HARLINGEN — Mailene Yeakel wishes she’d known sooner about a vaccine that could have prevented her type of cervical cancer.
Yeakel, 26, learned about the vaccine against human papillomavirus, or HPV, about a month after she’d been diagnosed with cervical cancer in December 2013. After the initial diagnosis, further examination found she’d been infected with a strain of the virus that can cause cancer of the cervix, penis, lungs and throat.
Three doses of a vaccination called Gardasil could have prevented infection of the virus.
As things were, the cancer had progressed quickly to Stage 3 because of her anemia and diminished immune system. She had to undergo an outpatient surgery to remove the malignancy — and a significant part of her cervix.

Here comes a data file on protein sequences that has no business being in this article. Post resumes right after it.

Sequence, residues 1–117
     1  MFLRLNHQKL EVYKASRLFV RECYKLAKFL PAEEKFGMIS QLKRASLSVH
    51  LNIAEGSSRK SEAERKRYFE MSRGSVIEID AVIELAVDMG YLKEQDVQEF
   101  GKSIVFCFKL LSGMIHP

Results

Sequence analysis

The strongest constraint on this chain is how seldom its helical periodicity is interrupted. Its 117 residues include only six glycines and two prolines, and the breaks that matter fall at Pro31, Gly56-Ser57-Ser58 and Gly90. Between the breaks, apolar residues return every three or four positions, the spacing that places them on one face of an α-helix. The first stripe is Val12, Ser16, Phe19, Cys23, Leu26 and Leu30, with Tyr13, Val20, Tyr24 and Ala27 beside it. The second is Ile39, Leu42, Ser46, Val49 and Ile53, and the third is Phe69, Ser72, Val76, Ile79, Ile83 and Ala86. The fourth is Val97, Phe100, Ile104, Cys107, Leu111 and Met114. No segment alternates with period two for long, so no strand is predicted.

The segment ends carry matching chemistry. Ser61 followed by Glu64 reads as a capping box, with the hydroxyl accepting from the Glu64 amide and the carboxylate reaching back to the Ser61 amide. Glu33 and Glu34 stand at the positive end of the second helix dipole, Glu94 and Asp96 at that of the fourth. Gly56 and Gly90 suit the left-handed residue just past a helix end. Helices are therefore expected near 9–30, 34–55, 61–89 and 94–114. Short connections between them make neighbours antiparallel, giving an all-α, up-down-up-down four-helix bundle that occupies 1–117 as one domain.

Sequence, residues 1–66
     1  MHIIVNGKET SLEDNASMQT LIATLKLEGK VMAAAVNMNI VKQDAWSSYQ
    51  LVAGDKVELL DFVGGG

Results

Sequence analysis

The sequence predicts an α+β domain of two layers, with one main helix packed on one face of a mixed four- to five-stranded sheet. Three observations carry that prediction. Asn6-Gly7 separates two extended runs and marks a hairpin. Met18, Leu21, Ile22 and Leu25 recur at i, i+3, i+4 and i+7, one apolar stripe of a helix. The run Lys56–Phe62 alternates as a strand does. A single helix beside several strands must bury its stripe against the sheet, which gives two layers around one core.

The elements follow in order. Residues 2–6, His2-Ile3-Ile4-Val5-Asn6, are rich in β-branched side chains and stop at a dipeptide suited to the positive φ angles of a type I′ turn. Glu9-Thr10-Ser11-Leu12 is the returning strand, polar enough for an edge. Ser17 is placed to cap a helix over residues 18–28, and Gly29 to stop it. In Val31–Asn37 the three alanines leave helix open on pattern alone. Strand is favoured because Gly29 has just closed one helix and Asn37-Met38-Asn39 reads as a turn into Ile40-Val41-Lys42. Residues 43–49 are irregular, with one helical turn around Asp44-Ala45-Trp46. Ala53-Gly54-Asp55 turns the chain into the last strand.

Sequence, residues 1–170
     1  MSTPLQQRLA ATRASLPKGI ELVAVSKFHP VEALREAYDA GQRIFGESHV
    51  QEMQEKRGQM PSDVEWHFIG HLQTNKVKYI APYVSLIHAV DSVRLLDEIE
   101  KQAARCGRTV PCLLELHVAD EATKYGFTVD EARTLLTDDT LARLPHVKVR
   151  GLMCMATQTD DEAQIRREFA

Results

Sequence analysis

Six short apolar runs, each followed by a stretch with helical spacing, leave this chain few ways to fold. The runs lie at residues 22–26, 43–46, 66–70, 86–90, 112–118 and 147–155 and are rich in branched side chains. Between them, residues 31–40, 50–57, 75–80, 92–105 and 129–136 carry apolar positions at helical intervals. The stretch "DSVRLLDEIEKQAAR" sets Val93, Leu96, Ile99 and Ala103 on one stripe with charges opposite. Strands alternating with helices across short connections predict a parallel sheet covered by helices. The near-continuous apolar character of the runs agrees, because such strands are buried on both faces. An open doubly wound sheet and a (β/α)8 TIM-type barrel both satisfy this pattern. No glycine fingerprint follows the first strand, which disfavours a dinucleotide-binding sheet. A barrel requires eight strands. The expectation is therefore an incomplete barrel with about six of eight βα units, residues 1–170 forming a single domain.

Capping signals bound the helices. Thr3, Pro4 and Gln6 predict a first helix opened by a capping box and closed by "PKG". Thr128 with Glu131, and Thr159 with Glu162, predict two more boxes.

The operation has made it extremely difficult for her and her new husband, Robert, to conceive children. When she learned about a simple vaccination, she was angry and hurt.
“I was very upset because it was something that was so common,” Yeakel said. “Everybody gets the flu shot so why can’t they promote the HPV?”
Gardasil became available in 2006 from pharmaceutical giant Merck and Co. Controversy quickly erupted about the vaccine on several levels. The Centers for Disease Control and Prevention says boys and girls should receive the vaccination by age 12. HPV is transmitted primarily through sexual activity as well as other means. Parents objected to the idea of vaccinating their children against a sexually-transmitted disease. Others felt it hadn’t been tested enough, that there were dangerous side effects such as shock and stroke, and that HPV in fact wasn’t that serious.
Another HPV vaccine, Cervarix, is administered only to girls.
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